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News from the week of January 31, 2007


Hospital pulse: Better, better, better, better

$600,000 spent in past year on facility & equipment upgrades


By Seth Schmidt

“We’ve been busy. It’s a good thing we haven’t had a lot of snow to move this winter,” said Dave Buysse, as he inspected a newly-installed door at the Sioux Valley Tracy Medical Center.

Virgil Matthews nodded in agreement. “There hasn’t been time to let the dust settle.”


The hospital and clinic maintenance men have been at ground zero for a host of recent hospital projects. More than $600,000 worth of improvements have been completed at the hospital within the past year.

“There’s been a lot of clanging and banging around this place,” observed Cookie Cooreman, SVTMC community relations and marketing manager.

The improvements include:

• $300,000, new heating, air conditioning and ventilation system.

• $40,000, new flooring in patient rooms.

• $50,000, interior door replacement.

• $35,000, window replacement.

• $85,000, new radiology equipment.

• $55,000, new patient room bathroom fixtures, new plumbing, rebuilt bathroom walls and ceramic wall tile.

• $10,000, fluid/blanket warmer in surgical suite.

• $10,000, computerized nursing medication cart.

• $15,000, pharmacy mixing hood for preparation of sterile medications.

• $12,000, new video conferencing equipment.

• $15,000, new medical records storage cabinets.

Buysse, SVTMC’s maintenance manager, noted that some upgrades involved original hospital equipment.

“These last windows that were replaced all date from when the hospital was built,” Buysse said. Only four original windows from the 1961 building remain. About 45 hospital windows have been replaced over the past three years.

The interior doors, which were replaced to meet fire codes, likewise dated for the hospital’s original construction.

The hospital’s old heating and air conditioning plant, besides being inefficient, had difficulty maintaining needed temperatures in all parts of the building. The new “HAVAC” equipment has the extra advantage of giving the hospital a HEPPA air filtration system.

“It was much needed,” Buysse said.

The new radiology equipment, which went online in the spring of 2006, eliminated the need for radiology to maintain negative processing equipment and chemicals. The new system makes it possible to send higher quality digital images to off-site medical specialists.

The brand-new “Terra Flex” flooring is part of an on-going process to refurbish all patient rooms. The rolled flooring looks like wood, but is durable and easy to maintain. The flooring, which covered up old tile floors, will save housekeeping expenses from the elimination of mopping and waxing chores.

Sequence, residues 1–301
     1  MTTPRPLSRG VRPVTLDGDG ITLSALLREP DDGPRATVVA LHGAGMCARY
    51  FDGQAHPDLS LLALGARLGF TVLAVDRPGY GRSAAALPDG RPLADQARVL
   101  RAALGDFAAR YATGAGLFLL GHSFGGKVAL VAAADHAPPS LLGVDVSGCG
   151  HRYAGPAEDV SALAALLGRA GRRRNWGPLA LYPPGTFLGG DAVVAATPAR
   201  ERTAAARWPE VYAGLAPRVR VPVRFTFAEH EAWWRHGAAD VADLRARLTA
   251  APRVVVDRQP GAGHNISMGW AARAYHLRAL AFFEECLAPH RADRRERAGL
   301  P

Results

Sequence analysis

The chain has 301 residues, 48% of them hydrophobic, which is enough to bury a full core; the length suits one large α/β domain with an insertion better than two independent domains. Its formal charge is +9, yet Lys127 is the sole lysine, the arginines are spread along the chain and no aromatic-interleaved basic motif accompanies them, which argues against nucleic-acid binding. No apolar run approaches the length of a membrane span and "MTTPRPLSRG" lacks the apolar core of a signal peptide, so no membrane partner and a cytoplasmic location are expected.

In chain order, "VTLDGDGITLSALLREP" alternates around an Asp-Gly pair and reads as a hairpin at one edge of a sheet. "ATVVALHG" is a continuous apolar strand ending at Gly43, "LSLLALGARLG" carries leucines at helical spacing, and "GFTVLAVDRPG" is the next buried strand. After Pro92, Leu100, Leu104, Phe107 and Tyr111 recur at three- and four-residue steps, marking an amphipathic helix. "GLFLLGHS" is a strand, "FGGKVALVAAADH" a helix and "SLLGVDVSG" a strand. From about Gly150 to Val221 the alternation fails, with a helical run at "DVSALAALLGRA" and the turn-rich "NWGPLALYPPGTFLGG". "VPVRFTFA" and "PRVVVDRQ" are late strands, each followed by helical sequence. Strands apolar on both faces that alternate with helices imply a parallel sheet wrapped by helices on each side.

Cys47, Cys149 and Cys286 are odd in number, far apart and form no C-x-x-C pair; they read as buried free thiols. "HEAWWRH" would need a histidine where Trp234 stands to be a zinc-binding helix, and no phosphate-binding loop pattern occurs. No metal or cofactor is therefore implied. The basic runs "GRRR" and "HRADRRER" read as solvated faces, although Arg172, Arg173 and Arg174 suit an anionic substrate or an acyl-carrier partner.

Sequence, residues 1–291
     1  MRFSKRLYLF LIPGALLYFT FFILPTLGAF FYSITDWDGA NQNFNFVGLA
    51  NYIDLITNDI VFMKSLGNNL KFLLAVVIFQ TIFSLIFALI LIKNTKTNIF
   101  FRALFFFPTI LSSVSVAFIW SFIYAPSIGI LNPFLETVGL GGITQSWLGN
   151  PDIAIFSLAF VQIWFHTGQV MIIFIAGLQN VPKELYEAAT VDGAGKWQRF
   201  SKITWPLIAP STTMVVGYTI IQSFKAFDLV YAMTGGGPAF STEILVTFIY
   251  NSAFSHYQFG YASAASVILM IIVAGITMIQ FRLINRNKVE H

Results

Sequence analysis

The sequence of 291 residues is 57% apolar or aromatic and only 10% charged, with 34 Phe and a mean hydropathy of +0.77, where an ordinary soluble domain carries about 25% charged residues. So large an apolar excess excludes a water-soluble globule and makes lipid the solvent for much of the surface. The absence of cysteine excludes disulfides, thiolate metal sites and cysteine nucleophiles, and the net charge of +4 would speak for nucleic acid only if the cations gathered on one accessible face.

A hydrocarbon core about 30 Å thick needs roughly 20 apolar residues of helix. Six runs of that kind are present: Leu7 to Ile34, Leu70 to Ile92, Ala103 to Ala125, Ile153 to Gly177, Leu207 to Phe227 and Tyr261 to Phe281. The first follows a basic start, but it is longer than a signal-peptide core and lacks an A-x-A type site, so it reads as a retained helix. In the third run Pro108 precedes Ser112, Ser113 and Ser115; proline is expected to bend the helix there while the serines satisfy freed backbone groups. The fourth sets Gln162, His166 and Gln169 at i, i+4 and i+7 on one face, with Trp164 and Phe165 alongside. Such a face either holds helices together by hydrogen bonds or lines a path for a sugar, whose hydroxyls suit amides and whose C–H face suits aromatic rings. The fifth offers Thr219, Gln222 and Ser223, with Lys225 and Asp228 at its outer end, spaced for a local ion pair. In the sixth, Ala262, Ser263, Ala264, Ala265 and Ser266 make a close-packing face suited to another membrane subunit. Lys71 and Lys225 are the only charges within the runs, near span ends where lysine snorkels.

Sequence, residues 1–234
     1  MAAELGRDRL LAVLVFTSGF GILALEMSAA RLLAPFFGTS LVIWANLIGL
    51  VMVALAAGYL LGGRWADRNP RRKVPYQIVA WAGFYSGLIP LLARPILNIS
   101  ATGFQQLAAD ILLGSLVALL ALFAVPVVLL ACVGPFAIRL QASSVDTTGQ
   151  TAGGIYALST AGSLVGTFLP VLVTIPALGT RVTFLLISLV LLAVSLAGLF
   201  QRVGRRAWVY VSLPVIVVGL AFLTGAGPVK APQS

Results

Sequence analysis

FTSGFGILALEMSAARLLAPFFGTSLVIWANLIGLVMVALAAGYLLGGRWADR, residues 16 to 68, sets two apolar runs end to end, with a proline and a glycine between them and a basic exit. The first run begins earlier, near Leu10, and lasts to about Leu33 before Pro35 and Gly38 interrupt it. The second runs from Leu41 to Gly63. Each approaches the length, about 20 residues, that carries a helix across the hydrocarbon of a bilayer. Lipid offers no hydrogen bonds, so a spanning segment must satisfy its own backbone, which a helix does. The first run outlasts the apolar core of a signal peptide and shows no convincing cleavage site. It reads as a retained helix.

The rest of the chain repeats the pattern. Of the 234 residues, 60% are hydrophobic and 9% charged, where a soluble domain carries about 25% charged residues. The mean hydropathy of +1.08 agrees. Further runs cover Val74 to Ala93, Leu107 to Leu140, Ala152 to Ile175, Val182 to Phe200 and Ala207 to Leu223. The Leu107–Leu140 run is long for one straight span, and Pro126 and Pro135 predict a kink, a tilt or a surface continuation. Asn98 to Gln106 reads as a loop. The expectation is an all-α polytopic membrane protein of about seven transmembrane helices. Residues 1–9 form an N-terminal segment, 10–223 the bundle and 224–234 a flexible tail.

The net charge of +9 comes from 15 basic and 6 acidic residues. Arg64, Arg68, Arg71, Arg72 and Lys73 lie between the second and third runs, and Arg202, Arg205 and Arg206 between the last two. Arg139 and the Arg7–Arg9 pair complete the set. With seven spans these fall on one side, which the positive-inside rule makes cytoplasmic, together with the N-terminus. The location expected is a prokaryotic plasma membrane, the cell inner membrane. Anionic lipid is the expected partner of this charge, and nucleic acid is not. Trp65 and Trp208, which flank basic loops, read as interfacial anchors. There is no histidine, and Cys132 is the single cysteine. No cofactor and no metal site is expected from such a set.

Cooreman feels the upgrades help assure that SVTMC patients “receive the very best care right here in our community.”


More enhancements ahead

Upgrades on the Tracy medical campus aren’t expected to end anytime soon. For example, new access doors are planned for the hallway area outside the hospital’s surgical suite. The $20,000 project will limit access to staff with an authorized card.

Hospital leaders are looking even further into the future.

Rick Nordahl, SVTMC chief executive officer, said that an architect will likely be hired soon to draw up plans and make recommendations better utilizing existing hospital space. The plans are also to consider a small addition to the hospital, he indicated.

Ideally, Nordahl said, the hospital and clinic could better serve patients if diagnostic testing areas, clinic, and outpatient exam rooms were closer together. One idea under consideration calls for a single entrance and reception area for all clinic, and outreach patients on the hospital’s east side. Such a plan, he indicated, could relocate the hospital’s business office to what is now the hospital’s outreach wing. (Some space in the hospital’s outreach wing will become available when the hospital’s therapy department moves to a new wellness center near the hospital this spring). To accommodate patient services an addition could then be built in the triangular area between the main hospital entrance and the clinic.

Cost of such a project, is as yet unknown, Nordahl said.

Any hospital remodeling plan, and how to finance it, would need approval from the Tracy Area Hospital Advisory Board, and the Tracy City Council.

No timetables have been established for the possible remodeling. Nordahl said that ideally, he’d like to see the project begin this fall.


$90,000 Wellness goal set

The Tracy Area Medical Services Foundation has set a goal of raising $90,000 to $95,000 for the soon-to-open Tracy Wellness Center.

Cookie Cooreman, Sioux Valley Tracy Medical Center community relations and marketing manager, says that $10,000 has been raised already.

“(The drive) will be swinging into higher gear next month,” Cooreman said.

Money raised will go to purchase about 40 pieces of cardiovascular and strength equipment at the new Wellness Center. The wellness center is now under construction southeast of the Tracy hospital and clinic. Completion is targeted for this spring.

Anyone who contributes $50,000 or more, Cooreman said, could have the Wellness Center named after a loved one.

“It’s one of the opportunities we are offering,” she said, noting the wellness center in Slayton was named after the late Steve Cohrs, a former Murray County Commissioner.


Catholic Schools Week brings out kid's smiles at St. Mary's


By Valerie Scherbart Quist

St. Mary’s School is celebrating Catholic Schools Week.

The theme of this year’s Catholic Schools Week is “The Good News in Education.” Principal Jina Baartman said the idea behind the theme is for everyone to live their lives and spread the good news as Jesus wants them to.

The school is incorporating the “five fingers of prayer” into its Catholic Schools Week celebration. Baartman said the five fingers of prayer is used as a reminder of special people in our lives.

The first is the thumb, because it is closest to you, is a reminder to pray for those closest to you such as family and friends. The pointer finger serves as a reminder to pray for those who teach, instruct, and heal, such as teachers, ministers, and doctors.

The third finger, the tallest, is a reminder to pray for leaders such as the president, other world leaders, business leaders, and administrators. The ring finger, the weakest, is a reminder to pray for those who are weakest in this world. Finally, the little finger is a reminder that we are all very small compared to God and to pray for yourself.